Speaking of sock drawer tours, the Web boasts a wealth of video of real people doing interesting, and boring, things. It’s a cheap video content model, but you get what you pay for. That is not to diss YouTube or Periscope, but to suggest that as the Web video model begins to include more content with production values and story lines (and sets and salaries), the need to protect that content from being illegally distributed—and for Web surfers to understand that stealing that content, is, well, stealing—grows.
Digital Citizens Alliance and Media-Link’s new report Good Money Still Going Bad, which looks at ad-supported sites offering stolen TV shows and fi lms, found that advertising ran beside pirated content to the tune of a couple hundred million dollars in 2014.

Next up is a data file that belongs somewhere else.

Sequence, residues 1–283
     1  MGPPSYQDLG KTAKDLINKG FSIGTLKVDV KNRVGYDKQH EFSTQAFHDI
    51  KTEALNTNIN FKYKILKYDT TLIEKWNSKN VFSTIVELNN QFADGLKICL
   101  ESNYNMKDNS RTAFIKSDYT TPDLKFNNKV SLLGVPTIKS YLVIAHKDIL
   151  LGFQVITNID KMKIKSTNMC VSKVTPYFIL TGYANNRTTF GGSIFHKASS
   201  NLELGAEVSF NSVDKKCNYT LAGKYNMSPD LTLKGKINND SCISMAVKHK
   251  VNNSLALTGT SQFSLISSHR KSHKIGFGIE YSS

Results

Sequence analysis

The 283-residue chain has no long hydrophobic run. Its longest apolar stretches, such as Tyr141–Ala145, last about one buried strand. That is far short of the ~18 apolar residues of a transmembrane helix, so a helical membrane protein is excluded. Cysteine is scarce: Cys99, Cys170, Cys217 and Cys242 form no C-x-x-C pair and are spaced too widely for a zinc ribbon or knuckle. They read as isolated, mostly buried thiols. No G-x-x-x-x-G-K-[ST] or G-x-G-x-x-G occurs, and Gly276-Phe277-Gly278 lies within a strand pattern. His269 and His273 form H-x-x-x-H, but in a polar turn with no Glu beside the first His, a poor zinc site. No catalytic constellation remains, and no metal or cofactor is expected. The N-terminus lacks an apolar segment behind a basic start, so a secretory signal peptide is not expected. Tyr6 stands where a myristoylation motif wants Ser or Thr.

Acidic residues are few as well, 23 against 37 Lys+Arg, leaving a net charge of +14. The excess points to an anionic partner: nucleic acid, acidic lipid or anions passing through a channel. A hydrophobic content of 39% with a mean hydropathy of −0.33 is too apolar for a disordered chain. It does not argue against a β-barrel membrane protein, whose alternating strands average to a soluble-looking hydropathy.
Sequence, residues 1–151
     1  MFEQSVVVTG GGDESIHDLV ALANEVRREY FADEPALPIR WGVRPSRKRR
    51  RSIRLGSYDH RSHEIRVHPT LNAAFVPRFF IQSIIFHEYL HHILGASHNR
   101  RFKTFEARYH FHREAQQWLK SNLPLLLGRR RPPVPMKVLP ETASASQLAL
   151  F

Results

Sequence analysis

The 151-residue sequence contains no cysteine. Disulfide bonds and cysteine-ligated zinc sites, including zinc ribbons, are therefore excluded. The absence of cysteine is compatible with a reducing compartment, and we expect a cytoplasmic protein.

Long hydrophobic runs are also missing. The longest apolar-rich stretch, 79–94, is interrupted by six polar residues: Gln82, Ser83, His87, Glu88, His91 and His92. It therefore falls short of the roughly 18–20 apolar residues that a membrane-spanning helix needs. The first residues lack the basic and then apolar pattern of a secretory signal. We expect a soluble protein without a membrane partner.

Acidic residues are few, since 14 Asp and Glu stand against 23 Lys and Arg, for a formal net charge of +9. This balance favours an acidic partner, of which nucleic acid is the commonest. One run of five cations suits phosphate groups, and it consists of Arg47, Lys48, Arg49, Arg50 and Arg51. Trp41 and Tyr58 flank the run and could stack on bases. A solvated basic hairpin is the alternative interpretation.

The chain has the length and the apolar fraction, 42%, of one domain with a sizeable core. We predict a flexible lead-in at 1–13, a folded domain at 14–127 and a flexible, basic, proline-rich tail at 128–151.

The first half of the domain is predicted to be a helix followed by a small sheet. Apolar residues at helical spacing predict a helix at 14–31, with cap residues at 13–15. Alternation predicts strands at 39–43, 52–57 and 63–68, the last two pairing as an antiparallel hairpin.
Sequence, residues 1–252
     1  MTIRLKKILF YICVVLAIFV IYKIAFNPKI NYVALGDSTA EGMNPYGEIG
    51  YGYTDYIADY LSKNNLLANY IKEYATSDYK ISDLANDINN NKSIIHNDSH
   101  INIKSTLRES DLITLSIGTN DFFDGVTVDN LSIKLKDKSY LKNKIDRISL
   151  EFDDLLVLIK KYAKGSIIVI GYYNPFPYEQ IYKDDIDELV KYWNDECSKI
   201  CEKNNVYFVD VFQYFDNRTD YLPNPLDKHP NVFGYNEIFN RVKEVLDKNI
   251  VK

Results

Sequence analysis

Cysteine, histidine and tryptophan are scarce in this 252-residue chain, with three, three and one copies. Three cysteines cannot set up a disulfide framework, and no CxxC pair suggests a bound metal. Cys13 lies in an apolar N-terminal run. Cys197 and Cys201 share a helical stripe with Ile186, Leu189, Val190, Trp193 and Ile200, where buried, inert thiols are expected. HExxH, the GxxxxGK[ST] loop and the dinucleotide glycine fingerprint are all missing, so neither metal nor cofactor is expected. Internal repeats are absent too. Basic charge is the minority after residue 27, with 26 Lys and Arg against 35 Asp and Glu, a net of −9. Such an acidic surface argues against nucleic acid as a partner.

The good news was the total was down slightly from the ’13, from $227 million to $209 million. The bad news was that, given that a large portion (four of 10) of the sites identified in the previous thefts had been shuttered or shrunken, the pirates were on the rebound.
“What this report shows is that content theft sites can make something while creating nothing,” DCA executive director Tom Galvin said in releasing the latest findings. “Despite the intensified efforts of law enforcement and private industry, the content thieves had another banner year, and that’s bad news for content creators and consumers.”
The only way that high-value content like Mad Men, Empire and House of Cards can continue to be made with production values that can drive over-the-top video as a competitor to traditional delivery systems is if that content can be protected online. Otherwise, the Web business mode becomes one long cat video.
Advertisers need to redouble their efforts to ensure that their clients’ money is not going to support online content theft.
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